Behind the frequent lightning attacks, why did the hacker return part of the funds?


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A flash loan attack does not require a large amount of initial capital, nor does it have to bear the risk of a large amount of funds. The attacker is likely to return a part of the funds for moral considerations.

Original title: ” Why DeFi “Flash Loan” attackers keep returning part of the profits?
Written by: Joseph Young
This article is authorized to reprint from LongHash to Chain Wen

In recent months, Harvest, Akropolis, Value DeFi, Cheese Bank, Eminence, and Origin Protocol have all suffered flash loan attacks. In the last six attacks, three incidents ended with hackers partially returning stolen funds. This has become a new trend in the DeFi circle.

Although we do not know why these DeFi hackers returned some of their ill-gotten gains, one possible explanation is condemnation of conscience.

In order to understand the reasons behind this behavior, we need to know what flash loans are all about.

What is a flash loan?

In the flash loan case, the attacker receives the loan from the DeFi protocol, spends the loan funds, and repays the loan in the same smart contract transaction. Since the entire process of the loan occurs in the same smart contract transaction, no collateral is required.

Basically, anyone can get a flash loan without collateral, and only need to pay the relevant fees. An analyst from the on-chain analytics company Glassnode explained:

“This means that users of flash loans, including hackers, only need to take a very small risk; if the transaction cannot achieve’break-even’ and the borrower cannot repay the loan, then the entire transaction will be cancelled. It will lose GAS fees. In contrast, the potential gains are objective.”

If hackers use loan capital to arbitrage in the short term, they can still make money after returning the borrowed principal.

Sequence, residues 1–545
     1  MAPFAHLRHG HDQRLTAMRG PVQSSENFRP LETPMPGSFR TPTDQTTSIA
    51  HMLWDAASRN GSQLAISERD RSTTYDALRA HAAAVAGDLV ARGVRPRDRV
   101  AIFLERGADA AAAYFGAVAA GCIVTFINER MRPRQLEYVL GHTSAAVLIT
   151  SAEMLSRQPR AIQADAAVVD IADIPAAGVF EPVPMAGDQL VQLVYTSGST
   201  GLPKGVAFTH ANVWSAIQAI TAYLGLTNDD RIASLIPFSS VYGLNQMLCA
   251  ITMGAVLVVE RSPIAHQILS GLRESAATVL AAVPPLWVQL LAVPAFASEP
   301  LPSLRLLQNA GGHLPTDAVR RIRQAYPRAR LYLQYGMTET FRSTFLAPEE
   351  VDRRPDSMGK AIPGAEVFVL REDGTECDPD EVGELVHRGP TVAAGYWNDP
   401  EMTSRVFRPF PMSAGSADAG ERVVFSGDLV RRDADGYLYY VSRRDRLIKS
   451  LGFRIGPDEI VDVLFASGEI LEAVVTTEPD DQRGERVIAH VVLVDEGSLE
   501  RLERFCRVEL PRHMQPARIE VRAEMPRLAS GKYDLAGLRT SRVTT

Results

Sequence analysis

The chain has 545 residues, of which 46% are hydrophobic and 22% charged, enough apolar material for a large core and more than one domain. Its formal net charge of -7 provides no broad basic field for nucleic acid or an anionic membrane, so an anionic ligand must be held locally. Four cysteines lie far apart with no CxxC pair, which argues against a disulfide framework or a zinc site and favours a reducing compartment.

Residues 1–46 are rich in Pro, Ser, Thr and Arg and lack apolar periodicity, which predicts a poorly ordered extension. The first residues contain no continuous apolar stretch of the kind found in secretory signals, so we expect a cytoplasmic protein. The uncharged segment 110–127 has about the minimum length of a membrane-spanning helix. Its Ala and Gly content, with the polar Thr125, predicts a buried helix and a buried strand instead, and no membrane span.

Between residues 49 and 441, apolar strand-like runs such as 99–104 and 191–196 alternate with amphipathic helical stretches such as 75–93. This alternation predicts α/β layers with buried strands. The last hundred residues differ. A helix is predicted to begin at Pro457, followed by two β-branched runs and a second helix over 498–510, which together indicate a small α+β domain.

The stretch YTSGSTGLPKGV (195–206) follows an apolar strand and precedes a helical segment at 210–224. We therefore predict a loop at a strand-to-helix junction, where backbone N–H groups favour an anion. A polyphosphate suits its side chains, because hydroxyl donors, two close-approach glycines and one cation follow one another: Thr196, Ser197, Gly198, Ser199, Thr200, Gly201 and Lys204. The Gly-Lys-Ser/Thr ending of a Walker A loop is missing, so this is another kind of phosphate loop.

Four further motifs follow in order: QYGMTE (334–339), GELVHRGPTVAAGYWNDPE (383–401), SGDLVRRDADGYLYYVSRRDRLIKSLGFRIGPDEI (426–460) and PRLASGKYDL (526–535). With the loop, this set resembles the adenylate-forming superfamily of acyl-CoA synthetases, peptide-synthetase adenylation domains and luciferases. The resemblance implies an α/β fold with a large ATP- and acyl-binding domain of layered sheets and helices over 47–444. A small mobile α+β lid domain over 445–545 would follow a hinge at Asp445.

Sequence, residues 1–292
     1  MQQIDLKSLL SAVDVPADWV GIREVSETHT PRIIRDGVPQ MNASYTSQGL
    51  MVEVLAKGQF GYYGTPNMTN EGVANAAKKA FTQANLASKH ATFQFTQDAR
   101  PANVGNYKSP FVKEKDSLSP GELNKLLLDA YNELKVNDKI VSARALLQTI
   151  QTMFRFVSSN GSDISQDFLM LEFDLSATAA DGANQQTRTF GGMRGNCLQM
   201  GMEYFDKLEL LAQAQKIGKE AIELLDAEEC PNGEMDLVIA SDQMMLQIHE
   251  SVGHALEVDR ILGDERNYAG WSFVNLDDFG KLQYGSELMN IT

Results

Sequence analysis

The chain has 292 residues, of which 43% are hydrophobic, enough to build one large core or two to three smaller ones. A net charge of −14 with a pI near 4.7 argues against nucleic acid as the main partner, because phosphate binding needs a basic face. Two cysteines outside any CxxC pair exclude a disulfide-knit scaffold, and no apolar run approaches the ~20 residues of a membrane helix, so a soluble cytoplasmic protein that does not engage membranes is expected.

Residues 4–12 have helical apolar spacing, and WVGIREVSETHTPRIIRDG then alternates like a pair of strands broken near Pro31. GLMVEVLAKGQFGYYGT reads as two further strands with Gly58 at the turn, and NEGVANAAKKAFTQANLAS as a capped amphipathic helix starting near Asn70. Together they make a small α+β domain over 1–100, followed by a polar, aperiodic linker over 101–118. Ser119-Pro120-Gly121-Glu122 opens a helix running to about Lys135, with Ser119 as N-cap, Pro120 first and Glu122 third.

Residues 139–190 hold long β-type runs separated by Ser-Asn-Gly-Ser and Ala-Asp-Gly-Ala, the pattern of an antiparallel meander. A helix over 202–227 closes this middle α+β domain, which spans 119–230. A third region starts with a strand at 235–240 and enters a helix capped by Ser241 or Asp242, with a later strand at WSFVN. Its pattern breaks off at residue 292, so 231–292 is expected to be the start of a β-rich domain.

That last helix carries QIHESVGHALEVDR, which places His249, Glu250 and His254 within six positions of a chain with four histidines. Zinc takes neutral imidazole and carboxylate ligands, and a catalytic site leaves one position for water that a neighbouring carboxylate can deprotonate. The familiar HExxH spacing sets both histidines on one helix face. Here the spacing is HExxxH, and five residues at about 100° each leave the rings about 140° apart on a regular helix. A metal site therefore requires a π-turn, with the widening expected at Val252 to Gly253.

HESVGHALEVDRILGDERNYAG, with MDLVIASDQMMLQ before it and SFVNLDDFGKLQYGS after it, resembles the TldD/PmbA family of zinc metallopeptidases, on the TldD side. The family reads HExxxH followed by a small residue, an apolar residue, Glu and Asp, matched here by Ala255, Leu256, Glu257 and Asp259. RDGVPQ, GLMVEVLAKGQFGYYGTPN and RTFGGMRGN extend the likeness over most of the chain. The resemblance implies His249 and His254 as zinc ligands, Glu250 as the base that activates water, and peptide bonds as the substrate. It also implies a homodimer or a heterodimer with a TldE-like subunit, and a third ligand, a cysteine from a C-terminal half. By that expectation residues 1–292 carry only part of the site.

But these profits must have their source, and although each attack is different and complex, in simple terms these profits often come from other users-those “losers” who lose to the attacker in the transaction, the profits are generated from this.

Why did the attacker return part of the proceeds?

The sentiment surrounding the flash loan attack in the DeFi field remains complex. On the one hand, these events can be regarded as attacks or vulnerabilities because they cause the loss of user funds. However, on the other hand, some people argue that flash loans are not illegal and follow the rules and systems of their platforms.

Perhaps some of the attackers belong to the former camp, and the reason they return the funds is to not harm innocent users.

For example, on November 15th, Value DeFi suffered a lightning loan attack, resulting in a loss of 6 million US dollars. The attacker borrowed 80,000 ETH from the DeFi protocol Aave, worth slightly less than 40 million US dollars. Then, the attacker used two stablecoins, DAI and USDC, to arbitrage at the expense of Value DeFi users and made a fortune. After that, the attacker returned $40 million in principal to Aave.

Su Zhu, CEO of Three Arrows Capital, said that the hacker returned the $2 million profit made by using flash loans. He pointed out that this kind of attack can be done without flash loans, but only giant whales or high-net-worth investors can do so.

Su said that the attacker left a message asking “Do you really understand flash loans?” and returned US$2 million as a gesture of friendship. Su believes that this behavior is to remind everyone that even without lightning loans, the same “attack” is technically possible-but only those super wealthy whales can do it.

Another hacker returned $50,000 after learning that the victim who lost $100,000 due to his attack was a nurse.

Behind the frequent lightning attacks, why did the hacker return part of the funds?

Similarly, on October 26, because a hacker used its liquidity pool to arbitrage, Harvest suffered a $24 million flash loan attack. After the incident, the hacker returned $2.5 million.

Since a flash loan attack does not require a large amount of initial capital, and the hacker does not have to bear the risk of losing a large amount of funds after the attack fails, the attacker is likely to return some of the funds out of moral considerations. Whether this will make the attack less bad remains to be discussed-but the controversy in the DeFi field is becoming increasingly fierce.

Behind the frequent lightning attacks, why did the hacker return part of the funds?
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